“Oh, yes,” says my other daughter, “like the Monday-Tuesday-week-rocks from when Dad was laid off when we were little and you put them by the window in the kitchen and touched one each day of the week until he got a new job and we moved here and now they’re in the little window by the front door so I see them whenever I go out.”

“I think it’s cool how you bike over to swim in the morning and then bike to the Food Bank,” says one daughter.

“Oh, yeah,” says the other daughter.

By now, there is water standing in my eyes. I am basking, truly, in this unexpected gift of affectionate, high-focus regard.

“And I love falling to sleep at night to the sound of you playing the piano . . . ” (at which I pull a face, which you would understand if you heard me play) but my daughter continues, “ . . . you do it with your whole heart. Like you do everything.

“And you make history come alive when you homeschooled us and when you read to us now. And I like how you can explain the scriptures and acting out the Passover dinner – that makes it all come alive, too.

“And I like the way you plan our trips. We would never just go sit on the beach and think about maybe going shopping – you would have researched everything out – and been like oh, that would be interesting, and we’d have the day at the beach but you would have found out funky little curiosity places along the way.”

“I like that, too,” says my other daughter.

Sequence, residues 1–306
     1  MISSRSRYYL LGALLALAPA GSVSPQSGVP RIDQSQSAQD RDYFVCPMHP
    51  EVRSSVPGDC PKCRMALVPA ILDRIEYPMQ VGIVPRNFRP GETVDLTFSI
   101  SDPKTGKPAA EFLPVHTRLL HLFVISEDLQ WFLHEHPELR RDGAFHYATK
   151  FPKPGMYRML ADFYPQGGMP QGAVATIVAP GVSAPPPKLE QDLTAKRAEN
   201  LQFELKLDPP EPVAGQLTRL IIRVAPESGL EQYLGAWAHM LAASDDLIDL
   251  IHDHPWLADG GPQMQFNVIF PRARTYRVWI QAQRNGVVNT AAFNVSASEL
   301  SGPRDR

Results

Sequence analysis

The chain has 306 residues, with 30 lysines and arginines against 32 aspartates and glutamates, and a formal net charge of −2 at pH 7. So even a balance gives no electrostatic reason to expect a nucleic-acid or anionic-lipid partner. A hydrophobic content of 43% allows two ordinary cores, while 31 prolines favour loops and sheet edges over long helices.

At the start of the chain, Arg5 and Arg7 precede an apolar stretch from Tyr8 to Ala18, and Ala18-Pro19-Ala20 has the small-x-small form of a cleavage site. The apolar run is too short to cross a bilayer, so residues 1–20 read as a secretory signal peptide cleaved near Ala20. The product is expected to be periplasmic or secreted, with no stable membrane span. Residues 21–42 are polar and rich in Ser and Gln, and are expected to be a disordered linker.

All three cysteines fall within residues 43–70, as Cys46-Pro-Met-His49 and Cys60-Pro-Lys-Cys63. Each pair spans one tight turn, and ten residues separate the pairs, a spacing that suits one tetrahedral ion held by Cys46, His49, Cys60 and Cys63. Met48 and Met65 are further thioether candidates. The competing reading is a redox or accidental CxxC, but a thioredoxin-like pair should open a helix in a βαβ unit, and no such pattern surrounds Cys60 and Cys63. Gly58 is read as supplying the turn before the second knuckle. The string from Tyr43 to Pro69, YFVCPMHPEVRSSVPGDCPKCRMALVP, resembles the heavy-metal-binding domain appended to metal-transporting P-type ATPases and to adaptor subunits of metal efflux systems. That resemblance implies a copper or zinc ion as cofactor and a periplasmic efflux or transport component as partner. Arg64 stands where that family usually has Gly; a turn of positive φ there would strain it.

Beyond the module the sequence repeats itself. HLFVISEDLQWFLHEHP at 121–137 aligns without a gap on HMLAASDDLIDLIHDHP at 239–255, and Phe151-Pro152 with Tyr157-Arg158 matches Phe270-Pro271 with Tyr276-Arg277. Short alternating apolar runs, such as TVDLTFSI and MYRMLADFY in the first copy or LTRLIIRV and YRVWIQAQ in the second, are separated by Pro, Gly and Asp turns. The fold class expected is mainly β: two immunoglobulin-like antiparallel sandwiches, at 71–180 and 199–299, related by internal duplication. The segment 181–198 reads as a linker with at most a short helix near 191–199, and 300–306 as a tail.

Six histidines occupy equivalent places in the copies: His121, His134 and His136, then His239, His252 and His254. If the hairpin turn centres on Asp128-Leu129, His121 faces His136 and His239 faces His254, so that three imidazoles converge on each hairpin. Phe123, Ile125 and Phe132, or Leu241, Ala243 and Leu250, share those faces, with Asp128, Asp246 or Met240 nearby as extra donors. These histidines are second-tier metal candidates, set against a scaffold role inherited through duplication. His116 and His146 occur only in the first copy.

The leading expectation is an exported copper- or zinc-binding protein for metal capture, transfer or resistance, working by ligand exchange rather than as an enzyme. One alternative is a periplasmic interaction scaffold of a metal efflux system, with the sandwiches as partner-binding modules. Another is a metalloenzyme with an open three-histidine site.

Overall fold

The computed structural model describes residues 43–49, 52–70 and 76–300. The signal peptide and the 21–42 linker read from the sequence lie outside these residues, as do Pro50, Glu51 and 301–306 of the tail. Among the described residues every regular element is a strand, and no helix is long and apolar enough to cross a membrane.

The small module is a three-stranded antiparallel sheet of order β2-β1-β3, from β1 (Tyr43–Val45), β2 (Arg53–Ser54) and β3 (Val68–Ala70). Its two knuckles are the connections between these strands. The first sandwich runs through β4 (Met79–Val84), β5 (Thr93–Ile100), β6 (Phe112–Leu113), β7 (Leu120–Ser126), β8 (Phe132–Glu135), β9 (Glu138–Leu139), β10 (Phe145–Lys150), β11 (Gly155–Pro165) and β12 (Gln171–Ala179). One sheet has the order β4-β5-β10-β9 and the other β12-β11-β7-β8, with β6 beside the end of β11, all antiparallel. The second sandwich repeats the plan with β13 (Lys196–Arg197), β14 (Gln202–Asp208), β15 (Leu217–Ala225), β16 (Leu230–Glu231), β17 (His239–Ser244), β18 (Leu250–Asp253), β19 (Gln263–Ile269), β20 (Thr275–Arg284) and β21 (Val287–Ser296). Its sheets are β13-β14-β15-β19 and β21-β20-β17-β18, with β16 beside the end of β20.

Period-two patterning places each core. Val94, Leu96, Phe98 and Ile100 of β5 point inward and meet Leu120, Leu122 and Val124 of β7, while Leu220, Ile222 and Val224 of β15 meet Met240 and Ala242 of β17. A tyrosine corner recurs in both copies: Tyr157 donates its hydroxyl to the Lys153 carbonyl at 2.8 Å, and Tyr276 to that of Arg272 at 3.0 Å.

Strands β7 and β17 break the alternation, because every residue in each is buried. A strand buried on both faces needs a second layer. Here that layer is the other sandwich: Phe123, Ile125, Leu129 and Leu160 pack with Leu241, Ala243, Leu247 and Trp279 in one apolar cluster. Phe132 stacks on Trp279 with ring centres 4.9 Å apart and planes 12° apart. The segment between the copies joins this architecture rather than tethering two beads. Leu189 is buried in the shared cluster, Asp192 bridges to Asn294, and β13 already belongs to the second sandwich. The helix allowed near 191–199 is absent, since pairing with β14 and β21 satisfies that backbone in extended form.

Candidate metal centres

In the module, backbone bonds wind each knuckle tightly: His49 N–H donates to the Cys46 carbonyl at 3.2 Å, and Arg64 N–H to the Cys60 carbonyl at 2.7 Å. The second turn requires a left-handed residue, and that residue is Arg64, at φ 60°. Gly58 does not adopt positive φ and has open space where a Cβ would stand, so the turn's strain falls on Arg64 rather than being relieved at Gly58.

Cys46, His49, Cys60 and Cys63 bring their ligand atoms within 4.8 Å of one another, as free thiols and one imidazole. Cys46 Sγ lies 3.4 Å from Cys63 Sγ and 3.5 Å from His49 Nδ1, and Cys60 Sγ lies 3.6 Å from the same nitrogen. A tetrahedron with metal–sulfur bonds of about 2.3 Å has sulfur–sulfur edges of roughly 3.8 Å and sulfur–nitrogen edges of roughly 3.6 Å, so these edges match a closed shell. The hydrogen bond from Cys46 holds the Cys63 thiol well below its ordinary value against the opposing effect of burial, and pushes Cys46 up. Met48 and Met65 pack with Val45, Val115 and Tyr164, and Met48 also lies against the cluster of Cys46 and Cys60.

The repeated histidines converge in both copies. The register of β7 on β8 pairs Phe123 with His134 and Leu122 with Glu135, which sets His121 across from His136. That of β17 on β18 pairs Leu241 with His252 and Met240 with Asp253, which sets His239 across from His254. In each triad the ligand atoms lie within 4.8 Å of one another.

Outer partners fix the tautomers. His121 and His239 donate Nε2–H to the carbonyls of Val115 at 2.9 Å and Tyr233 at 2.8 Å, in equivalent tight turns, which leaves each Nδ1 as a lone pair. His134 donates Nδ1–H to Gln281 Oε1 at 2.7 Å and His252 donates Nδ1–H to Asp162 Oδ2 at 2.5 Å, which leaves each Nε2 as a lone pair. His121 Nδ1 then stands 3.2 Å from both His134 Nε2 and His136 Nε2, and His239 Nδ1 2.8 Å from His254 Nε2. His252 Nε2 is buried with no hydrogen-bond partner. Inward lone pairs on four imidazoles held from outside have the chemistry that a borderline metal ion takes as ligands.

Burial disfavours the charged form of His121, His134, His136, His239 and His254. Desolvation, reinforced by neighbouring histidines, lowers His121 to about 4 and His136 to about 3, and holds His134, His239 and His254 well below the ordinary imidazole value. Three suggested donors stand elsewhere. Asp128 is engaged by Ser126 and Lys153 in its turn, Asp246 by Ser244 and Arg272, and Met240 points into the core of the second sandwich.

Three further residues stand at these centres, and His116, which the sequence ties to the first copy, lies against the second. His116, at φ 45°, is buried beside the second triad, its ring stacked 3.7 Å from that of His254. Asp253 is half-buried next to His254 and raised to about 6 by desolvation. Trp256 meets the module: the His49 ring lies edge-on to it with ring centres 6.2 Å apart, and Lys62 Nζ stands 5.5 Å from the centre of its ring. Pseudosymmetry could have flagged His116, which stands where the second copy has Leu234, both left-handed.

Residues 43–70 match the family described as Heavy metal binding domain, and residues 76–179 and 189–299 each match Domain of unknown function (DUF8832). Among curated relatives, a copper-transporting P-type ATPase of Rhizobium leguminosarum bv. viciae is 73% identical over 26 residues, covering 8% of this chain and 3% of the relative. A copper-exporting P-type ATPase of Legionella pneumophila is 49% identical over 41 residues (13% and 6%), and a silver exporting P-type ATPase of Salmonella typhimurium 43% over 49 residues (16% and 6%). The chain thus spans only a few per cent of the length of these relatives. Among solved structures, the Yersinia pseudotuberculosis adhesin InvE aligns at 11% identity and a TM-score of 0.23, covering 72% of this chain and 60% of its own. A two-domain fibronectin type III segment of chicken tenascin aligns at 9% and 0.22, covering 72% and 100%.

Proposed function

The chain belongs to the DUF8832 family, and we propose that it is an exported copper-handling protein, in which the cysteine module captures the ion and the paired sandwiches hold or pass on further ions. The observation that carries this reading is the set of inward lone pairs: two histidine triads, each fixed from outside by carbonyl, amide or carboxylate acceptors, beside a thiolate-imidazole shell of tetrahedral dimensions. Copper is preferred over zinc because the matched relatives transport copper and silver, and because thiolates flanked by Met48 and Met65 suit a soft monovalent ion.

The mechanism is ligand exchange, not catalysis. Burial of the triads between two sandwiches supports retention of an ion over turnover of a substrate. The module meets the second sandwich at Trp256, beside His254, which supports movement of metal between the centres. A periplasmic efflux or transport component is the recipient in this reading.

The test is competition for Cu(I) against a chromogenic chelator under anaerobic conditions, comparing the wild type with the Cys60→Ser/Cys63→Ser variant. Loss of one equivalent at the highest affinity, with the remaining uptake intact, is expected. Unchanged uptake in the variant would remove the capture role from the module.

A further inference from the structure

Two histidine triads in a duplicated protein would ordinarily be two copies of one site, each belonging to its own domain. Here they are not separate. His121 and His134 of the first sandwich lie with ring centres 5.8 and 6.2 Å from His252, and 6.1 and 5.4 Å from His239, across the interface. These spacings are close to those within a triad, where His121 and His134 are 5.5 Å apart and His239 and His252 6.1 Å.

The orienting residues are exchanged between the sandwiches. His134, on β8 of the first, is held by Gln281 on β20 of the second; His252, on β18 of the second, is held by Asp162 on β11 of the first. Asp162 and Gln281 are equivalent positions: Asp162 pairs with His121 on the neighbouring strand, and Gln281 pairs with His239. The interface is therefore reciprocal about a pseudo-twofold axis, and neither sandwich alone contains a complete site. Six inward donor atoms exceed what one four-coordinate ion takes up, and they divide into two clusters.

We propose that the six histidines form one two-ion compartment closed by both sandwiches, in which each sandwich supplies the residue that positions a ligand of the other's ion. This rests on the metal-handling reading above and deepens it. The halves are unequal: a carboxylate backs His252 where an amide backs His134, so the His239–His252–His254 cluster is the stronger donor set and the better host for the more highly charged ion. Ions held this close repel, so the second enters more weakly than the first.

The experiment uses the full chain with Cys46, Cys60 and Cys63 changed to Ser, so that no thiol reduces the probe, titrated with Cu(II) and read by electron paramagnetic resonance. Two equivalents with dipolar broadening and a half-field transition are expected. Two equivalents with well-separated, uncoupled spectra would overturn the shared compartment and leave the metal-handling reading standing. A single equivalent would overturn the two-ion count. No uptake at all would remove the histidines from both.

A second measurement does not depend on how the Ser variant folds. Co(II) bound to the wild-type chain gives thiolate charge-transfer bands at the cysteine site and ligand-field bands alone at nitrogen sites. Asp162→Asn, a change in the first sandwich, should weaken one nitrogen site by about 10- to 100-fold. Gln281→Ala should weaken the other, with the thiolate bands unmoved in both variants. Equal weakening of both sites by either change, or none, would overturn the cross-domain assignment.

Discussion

I (who am hardly now even the same person who was – so soon ago – in disgrace with Fortune and men’s eyes, plus all alone beweeping my outcast state), I sat aside as soon as I was able after they were gone and jotted down the whole list of everything they said. Because honestly, how often do you get to be seen the way you would want to be seen, even for a moment?

It would be worth getting up before 5:00 – if it happened every morning.

Of course that very evening the same daughter will snarl, “Why are you always trying to psychoanalyze me?” (Uh, I’m trying to understand you?) And with the prescience that comes from shaping these notes four weeks after the fact, I can safely prophesy that I will soon be able to report on the discomfort as well of being seen so clearly by your own children. But why chip away at what was a full, round, perfect moment?

2 comments:

Mrs. Organic said...

I really love the way you write and how you capture emotions. What a wonderful gift your daughters gave you. You've got me thinking about totems now.

Lisa B. said...

Seriously, the last time I checked your blog was NOT THAT LONG AGO, and there is this huge flowering of posts!

This is beautiful. I got tears in my eyes when I read what your daughters said about you. It's so immense, isn't it, to be seen by a beloved, seen truly--and how fleeting that is. Oh my God, yes, I get so crippled by those moments of self-loathing--I sometimes feel that is my default setting. (that, right there? a self-loathing thought.) Sometimes, though, I think that just living life--finding what makes you feel good, like your morning walk, and just sticking to it--is the only way to get through life. There is no other strategy.